Exercise intensity and duration are important for weight loss.
Cardiovascular exercises like running and swimming pack in a host of health benefits, from weight loss to decreasing your risk of cardiovascular disease, and boosting your mood, your immune system and your ability to handle stress. In fact, the Office of Disease Prevention and Health Promotion recommends that adults get at least 150 minutes of moderate-intensity aerobic activity every week, or 75 minutes of intense activity. But keep in mind that not every workout is suited to every body.
Comparing Calories Burned
If you're thinking of swimming or running for weight loss, the amount of calories you burn with each exercise may be a deciding factor. According to statistics from the Mayo Clinic, an hour of light to moderate lap swimming will burn 423 calories, while an hour of running at 5 mph will burn 606 calories.
However, those numbers aren't necessarily the be-all, end-all of your exercise decision making. For example, if you love swimming, it's going to be a better exercise for you than running because you're more likely to keep it up. On the flip side, while not all gyms will have a swimming pool available, almost every gym will have a treadmill of some sort.
The Benefits of Running
Here's some more food for thought when it comes to running: Although not everyone can sprint like an Olympian, running generally comes more readily to people than a truly athletic swimming technique; after all, you've been walking or running for most of your life, and the worst that could happen to you on a treadmill is a trip and fall - you're definitely not going to drown, and you don't ever have to worry about being seen in your swimsuit.
It's also very easy to make your running workout harder (or easier) by altering the speed and incline of the treadmill. Finally, many modern treadmills have interactive programs and entertainment options that can really break up the monotony of a long workout.
The Drawbacks of Running
Although few exercises can beat running when it comes to pure calorie burn, there is one major drawback: Running is a high-impact exercise, which means that it generates a lot of pounding on the joints of your lower body. You don't have to be skinny to run, and you don't have to have perfect knees - but some exercisers who carry extra weight or have compromised joints find that they do better with a low-impact workout such as swimming.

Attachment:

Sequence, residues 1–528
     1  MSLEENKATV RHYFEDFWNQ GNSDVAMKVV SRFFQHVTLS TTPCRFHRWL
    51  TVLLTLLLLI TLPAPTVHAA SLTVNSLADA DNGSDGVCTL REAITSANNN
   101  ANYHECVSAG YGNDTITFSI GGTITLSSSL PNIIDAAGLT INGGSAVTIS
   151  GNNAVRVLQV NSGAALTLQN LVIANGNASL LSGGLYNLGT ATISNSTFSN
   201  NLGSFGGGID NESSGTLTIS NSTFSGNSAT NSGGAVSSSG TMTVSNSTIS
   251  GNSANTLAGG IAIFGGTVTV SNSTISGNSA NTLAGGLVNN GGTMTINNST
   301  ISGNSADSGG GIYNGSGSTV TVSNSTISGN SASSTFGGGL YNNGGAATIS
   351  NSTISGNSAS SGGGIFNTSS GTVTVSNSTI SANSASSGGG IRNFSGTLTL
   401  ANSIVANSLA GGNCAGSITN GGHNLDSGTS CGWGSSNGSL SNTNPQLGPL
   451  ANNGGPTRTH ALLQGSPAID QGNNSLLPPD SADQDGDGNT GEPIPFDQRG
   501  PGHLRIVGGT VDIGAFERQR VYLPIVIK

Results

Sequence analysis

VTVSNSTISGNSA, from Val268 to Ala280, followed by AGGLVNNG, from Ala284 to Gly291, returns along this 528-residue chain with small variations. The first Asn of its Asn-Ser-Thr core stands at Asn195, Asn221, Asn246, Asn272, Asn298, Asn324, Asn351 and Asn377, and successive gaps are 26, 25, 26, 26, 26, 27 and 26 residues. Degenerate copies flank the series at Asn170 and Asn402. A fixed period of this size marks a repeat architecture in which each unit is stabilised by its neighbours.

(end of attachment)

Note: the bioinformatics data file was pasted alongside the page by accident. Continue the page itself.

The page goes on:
Getting access to a treadmill might be another deal-breaker when it comes to running, but take heart - if no treadmill is available, you can almost always lace up your running shoes and go for a jog outside.
The Benefits of Swimming
While running may be the champion for all-out calorie burn, swimming is hard to beat for other reasons. It's the ultimate low-impact workout, because the water supports your body throughout the entire range of motion. At the same time, the water also provides resistance to your every motion, so swimming is one of the most efficient full-body workouts available.
If you want to really burn calories with swimming, you're going to have to do something more vigorous than a dog paddle, so there may be a learning curve involved. But once you have the proper stroke techniques down, you'll have an easily scalable workout that you can continue doing for the rest of your life.
The Drawbacks of Swimming
Like running, swimming has a few potential drawbacks, the biggest of which are the technique learning curve and finding access to a pool. But swimming is a valuable life - and potentially life-saving - skill that you'll never regret learning. That leaves monotony as the biggest hurdle; if you run on a treadmill, you have many entertainment options at your fingertips, but you can't exactly watch television while you're swimming laps.
Going out in public in your bathing suit might seem like a potential downside to swimming too, but have no fear. Nobody at the pool is going to pay much attention to you, because they're all concerned about how they look in their swimsuits too. If modesty is a true concern for you, you can add swim shorts or a rash guard (a water-ready T-shirt used by surfers) to your swim ensemble.
Can't decide between swimming and running on a treadmill? Try them both, and give yourself a few weeks to figure out which one you enjoy the most for its own sake. That's the exercise that will do you the most good in the long run.